Another athlete who is fully preparing for the Tokyo Olympics like Koen Naert is Emma Plasschaert. The yachtswoman, who became World Champion in the Laser Radial class last year, ran the Brussels Airport Mini Marathon (6.5 km). Ex-Miss Belgium Noémie Happart ran the half marathon in 2:11:58. Additionally, TV personality Sieg De Doncker, who was buddy for somebody in a wheelchair, also took part in the Brussels Airport Half Marathon; the impressive duo finished the race in a great time: 2:21.46.
RACE FOR THE CURE
This year, the Mini Marathon was associated with the Race for the Cure, this is the biggest event in the world fighting breast cancer. Originally, the Race for the Cure was going to take place in the Bois de la Cambre on Sunday 29th September, however, they were forced to postpone the Think Pink running and walking event due to the adverse weather predictions one week ago.
It did not take long before a solution was found though. The decision was made very quickly to integrate the Race for the Cure in the Brussels Airport Marathon & Half Marathon. This allowed the Race for the Cure runners to enjoy the beautiful course of the Parc du Cinquantenaire, through the Rue Belliard, around the Royal Park and along the palace, back to the Park du Cinquantenaire together with the participants of the Mini Marathon. A solution was also found for the walkers who had registered for the Race for the Cure: they were able to start their short 3 km walk in the Parc du Cinquantenaire at 10am.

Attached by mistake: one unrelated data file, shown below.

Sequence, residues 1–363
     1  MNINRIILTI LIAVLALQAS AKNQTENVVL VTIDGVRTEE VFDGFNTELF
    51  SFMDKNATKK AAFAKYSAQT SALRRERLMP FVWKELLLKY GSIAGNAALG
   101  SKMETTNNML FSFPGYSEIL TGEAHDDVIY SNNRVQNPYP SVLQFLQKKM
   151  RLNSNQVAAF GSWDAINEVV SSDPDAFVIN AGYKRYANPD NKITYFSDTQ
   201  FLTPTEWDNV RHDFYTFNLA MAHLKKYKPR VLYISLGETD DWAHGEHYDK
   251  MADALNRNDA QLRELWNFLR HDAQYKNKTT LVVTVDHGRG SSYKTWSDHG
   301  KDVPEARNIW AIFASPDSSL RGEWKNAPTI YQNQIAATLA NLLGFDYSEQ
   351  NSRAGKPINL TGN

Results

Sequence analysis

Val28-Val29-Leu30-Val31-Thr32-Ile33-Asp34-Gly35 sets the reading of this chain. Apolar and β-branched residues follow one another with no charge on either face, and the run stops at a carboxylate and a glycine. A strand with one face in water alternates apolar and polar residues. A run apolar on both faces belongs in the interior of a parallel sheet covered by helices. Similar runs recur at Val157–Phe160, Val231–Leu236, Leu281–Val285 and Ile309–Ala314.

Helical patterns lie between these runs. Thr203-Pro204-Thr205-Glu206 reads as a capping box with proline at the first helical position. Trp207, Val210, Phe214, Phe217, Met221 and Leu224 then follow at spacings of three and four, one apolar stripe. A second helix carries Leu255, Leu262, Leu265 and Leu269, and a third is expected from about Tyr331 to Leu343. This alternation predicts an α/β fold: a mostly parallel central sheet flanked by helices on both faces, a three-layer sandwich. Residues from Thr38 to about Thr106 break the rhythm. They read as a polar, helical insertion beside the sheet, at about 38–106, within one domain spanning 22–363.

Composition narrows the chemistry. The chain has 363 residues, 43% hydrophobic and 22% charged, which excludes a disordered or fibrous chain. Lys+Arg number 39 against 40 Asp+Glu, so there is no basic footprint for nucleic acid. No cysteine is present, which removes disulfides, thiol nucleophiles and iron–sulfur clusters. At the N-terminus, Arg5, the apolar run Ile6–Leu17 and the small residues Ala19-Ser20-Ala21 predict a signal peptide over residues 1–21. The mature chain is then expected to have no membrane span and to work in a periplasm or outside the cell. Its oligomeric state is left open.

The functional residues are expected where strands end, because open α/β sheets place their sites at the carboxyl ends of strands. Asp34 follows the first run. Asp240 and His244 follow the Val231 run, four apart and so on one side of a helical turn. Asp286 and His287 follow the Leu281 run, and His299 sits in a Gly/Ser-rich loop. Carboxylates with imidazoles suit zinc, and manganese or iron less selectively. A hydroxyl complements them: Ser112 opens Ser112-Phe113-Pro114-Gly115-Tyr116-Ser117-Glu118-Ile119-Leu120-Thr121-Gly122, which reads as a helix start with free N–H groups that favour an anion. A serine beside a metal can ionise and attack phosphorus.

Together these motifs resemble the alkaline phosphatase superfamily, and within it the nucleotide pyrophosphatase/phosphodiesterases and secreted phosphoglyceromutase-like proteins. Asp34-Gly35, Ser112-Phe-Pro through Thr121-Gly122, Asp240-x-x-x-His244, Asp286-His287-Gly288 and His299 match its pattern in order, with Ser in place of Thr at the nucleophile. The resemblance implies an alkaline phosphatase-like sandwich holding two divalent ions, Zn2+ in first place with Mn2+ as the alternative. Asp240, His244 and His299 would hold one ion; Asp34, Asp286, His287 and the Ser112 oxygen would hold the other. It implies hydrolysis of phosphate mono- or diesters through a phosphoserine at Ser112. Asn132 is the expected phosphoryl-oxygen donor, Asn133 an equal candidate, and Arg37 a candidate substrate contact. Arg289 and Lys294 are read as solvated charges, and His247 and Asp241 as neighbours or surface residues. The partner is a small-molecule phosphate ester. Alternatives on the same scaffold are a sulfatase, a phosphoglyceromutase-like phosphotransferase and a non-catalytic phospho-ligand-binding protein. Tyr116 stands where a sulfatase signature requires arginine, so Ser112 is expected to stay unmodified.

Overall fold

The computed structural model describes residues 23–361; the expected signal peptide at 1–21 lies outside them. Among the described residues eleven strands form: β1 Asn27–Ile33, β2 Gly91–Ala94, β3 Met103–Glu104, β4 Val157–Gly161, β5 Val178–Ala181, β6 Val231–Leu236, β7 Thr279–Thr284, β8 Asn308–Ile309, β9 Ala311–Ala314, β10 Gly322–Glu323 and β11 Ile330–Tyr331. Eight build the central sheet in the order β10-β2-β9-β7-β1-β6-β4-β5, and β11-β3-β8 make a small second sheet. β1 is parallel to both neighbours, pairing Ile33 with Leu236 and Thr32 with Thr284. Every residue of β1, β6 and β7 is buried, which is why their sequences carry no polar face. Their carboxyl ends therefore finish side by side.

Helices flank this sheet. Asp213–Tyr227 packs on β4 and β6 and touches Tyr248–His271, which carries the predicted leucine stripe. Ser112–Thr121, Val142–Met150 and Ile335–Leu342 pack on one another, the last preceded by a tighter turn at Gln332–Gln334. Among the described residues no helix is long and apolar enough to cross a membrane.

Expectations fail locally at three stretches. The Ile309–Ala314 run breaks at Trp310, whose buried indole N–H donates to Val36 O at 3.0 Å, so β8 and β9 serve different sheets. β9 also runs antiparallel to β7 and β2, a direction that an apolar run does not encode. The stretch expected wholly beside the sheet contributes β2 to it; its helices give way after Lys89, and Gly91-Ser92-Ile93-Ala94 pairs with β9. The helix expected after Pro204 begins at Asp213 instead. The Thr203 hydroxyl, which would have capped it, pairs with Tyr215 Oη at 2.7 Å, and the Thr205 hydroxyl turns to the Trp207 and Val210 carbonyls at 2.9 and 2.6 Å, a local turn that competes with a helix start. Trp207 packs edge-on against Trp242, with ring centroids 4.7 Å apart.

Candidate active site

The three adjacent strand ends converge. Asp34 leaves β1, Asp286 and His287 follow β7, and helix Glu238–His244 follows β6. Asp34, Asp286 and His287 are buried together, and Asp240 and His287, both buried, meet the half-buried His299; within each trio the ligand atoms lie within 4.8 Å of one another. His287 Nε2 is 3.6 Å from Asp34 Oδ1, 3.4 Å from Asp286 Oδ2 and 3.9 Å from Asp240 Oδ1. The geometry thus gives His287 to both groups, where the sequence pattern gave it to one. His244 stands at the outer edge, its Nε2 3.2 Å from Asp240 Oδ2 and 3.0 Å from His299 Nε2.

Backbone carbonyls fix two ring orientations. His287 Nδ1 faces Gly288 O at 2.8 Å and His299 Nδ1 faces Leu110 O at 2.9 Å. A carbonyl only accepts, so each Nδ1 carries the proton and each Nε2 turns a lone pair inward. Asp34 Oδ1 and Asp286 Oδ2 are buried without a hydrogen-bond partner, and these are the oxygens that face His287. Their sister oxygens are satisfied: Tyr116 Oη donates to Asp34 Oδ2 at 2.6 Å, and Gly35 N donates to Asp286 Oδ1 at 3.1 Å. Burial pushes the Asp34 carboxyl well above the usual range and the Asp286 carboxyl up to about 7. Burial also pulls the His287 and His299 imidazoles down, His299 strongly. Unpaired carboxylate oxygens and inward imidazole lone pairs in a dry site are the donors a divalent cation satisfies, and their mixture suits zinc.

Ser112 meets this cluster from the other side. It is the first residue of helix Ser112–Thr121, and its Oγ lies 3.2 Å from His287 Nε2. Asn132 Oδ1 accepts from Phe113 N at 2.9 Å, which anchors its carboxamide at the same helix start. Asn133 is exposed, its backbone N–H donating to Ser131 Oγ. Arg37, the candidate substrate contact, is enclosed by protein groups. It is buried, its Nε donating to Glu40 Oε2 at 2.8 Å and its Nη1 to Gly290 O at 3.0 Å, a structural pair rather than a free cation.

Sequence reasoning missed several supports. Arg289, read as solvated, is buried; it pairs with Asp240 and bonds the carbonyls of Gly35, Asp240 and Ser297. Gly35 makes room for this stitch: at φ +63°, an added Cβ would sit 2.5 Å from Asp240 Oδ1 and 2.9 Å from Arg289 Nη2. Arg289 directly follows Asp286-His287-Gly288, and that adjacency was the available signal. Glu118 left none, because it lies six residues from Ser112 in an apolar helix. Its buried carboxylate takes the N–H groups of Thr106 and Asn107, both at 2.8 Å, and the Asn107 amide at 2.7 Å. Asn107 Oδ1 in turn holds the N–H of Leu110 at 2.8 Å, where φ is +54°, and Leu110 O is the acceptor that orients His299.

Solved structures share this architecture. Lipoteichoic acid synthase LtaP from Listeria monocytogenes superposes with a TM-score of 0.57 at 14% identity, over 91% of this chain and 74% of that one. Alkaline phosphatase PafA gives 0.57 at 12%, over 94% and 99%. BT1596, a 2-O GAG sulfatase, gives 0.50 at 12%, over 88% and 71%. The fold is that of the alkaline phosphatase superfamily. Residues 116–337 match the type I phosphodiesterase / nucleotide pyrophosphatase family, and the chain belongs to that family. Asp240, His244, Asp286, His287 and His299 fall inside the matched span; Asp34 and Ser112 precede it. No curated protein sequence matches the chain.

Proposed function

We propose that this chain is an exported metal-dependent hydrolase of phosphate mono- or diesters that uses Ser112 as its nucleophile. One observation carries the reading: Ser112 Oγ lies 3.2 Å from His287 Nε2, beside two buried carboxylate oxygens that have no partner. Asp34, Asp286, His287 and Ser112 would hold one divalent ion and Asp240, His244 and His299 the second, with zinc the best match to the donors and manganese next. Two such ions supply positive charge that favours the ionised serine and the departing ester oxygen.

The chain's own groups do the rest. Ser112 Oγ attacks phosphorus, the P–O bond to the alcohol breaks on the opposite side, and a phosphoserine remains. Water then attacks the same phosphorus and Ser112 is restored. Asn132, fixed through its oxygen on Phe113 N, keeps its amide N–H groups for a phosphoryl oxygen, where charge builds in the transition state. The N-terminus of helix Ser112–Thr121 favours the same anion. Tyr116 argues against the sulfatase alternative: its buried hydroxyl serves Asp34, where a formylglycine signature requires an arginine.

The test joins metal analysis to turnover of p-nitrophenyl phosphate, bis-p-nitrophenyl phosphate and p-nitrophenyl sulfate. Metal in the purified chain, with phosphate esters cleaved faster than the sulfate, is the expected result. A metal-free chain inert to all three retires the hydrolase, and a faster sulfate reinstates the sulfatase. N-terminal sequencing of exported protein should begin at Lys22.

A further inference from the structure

Every year, the Brussels Airport Marathon & Half Marathon elicit an ever greater international response . For this 16th edition, participants from no fewer than 105 countries appeared at the start. One third of all participants do not live in Belgium. The Brussels Airport Marathon & Half Marathon are particularly popular in our neighbouring countries considering the large number of French, Dutch, German and British runners who put on their running shoes in the capital of Europe on Sunday.
“We are proud to have once again been the sponsor of an event that attracts runners of every level and from every corner of the world”, says Arnaud Feist, CEO of Brussels Airport Company. “With 15,000 runners at the starting line, the Brussels Airport ,Marathon & Half Marathon 2019 was yet another huge success. The Brussels Airport Community too was well represented: no less than 388 runners from 13 different airport companies defended the colours of Brussels Airport. They all gave it their very best and contributed to the smooth running of this edition, which paid special attention to waste management and prevention. An awareness-raising campaign that is very dear to us.”
The organisation of the Brussels Airport Marathon & Half Marathon made even greater efforts than ever before for the 16th edition to become an even more ecological event. Thanks to numerous measures for participants and supporters, the total amount of waste was halved. For instance, no bottled water was supplied or distributed along the course and plastic disposable cups were banned from the route and the finish.